Maths - Learning from mistakes

27th April 2012 at 01:00
Unpicking a pupil's error can help you teach your class the truth

I was marking Amy's algebra assignment when I saw this (see picture, above). I paused. As an attempt at simplification, how bad a mistake is it? Pretty bad, perhaps, for an A2 student 12 weeks from her exams. I wondered how to unravel it.

What mistake has Amy actually made? I think she has said to herself, "If you do the same thing to the top and bottom of a fraction, its value is unchanged", before taking the square root of top and bottom. Then there is the sub-mistake of saying [s49]a2 - b2 = a - b, which all A-level maths teachers will have seen a million times. The sub-mistake is easily revealed to be an error by squaring both sides.

The next lesson, with Amy's permission, I put her mistake on the board. Can I show simply that this is indeed wrong? Well, put x = 4 into Amy's mistake. The left-hand side becomes 167, while the right-hand side is 4. We can now be sure that what Amy has written is not generally true.

It is partially true that "If you do the same thing to the top and bottom of a fraction, its value is unchanged". If you are doing multiplication or division, no problem. But if you are adding, subtracting, squaring or, as in this case, square rooting, there is a problem. For example, is the following correct?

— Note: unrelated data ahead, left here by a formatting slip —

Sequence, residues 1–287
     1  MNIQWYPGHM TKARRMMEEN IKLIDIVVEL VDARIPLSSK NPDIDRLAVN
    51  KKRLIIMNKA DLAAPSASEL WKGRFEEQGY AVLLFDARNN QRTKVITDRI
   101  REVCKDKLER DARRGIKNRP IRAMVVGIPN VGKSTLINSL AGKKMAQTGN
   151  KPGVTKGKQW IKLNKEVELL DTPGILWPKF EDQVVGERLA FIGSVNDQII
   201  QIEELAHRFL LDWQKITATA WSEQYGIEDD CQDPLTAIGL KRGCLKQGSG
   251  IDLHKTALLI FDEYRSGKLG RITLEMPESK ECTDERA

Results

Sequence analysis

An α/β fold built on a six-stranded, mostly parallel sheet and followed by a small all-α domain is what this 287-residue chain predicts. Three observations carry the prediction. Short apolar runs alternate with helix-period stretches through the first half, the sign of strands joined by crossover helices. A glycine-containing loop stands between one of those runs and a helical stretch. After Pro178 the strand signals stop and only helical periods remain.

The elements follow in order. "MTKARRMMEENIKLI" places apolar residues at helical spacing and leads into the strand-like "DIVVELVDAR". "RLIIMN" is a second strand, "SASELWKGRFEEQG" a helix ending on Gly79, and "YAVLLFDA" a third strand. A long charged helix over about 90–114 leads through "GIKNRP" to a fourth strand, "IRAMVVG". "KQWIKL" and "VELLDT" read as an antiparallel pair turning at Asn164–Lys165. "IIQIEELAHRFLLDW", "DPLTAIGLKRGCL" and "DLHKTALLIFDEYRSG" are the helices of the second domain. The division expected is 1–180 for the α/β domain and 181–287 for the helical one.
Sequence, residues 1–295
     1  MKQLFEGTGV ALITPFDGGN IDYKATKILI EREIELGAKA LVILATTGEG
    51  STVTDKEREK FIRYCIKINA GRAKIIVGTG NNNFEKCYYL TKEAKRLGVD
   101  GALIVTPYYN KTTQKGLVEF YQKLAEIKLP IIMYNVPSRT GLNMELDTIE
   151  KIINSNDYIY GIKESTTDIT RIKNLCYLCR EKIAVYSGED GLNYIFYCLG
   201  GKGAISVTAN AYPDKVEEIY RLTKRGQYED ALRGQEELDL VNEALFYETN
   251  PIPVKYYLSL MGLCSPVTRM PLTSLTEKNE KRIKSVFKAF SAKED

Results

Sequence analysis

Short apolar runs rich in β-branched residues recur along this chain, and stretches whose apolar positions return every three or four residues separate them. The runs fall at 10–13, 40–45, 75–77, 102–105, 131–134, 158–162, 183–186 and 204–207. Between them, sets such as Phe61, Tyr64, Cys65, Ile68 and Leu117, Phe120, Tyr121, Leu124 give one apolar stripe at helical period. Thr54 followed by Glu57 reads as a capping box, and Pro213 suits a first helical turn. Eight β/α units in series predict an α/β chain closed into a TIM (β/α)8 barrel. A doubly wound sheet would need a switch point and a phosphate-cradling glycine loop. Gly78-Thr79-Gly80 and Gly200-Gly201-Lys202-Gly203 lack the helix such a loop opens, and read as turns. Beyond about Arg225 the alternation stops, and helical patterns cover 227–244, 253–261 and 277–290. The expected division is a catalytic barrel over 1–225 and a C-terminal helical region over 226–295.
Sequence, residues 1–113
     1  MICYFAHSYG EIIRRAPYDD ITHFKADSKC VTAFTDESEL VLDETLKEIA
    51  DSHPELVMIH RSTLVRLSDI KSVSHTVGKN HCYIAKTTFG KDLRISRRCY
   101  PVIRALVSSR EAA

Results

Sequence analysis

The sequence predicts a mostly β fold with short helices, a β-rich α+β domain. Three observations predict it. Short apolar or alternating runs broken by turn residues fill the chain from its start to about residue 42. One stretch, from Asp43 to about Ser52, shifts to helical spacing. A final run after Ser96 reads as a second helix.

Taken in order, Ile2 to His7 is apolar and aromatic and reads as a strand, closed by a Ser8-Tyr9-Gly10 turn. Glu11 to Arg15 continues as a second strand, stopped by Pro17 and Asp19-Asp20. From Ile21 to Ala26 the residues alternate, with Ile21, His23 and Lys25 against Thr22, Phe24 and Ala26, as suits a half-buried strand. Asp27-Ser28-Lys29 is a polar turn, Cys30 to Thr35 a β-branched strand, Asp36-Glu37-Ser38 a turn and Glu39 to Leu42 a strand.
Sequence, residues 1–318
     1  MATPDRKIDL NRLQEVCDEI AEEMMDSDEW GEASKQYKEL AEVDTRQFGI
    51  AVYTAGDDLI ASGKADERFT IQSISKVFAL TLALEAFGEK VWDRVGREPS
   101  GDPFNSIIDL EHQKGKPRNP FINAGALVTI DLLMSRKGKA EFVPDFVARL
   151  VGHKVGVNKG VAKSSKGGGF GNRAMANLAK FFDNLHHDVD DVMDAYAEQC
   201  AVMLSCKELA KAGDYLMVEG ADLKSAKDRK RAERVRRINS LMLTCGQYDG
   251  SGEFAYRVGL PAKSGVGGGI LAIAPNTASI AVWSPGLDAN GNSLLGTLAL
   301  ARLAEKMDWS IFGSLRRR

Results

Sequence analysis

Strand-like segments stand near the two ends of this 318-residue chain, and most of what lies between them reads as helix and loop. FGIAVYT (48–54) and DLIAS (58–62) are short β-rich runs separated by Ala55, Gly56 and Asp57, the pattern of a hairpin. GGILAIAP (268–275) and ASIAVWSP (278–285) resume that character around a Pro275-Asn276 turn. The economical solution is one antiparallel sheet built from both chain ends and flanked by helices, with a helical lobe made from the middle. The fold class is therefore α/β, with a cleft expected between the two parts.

This would mean that a[s49]b = b[s49]a, and so a = b or a = 0. We can now be even more charitable towards Amy's mistake. She effectively said this:

We will call this Amy's Rule, which has now generated a very healthy discussion about the difference between an identity and an equation. If we take Amy's Rule as an equation, what then? When is it correct? A little manipulation gives a = b + c. So if, for example, c = 5, b = 6 and a = 11, we have the following, which is true:

Conclusion? Amy's Rule is wrong, but there are special cases when you can "get away with it". As with most mistakes, there was something right about it. And I must confess that marking mountains of perfect work is far less interesting than tackling the occasional mysterious error.

Jonny Griffiths teaches at a sixth-form college in Norfolk


Need help identifying the causes of common misconceptions? Try Secondary Maths NatStrats' module on learning from mistakes.

Get creative with differential equations in phildb's pendulum lesson.

Turn pupils into square root stalkers as they find and follow answers in mrbuckton4maths's loop card activity.


Share your ideas on helping pupils to spot mistakes before entering the exam hall.

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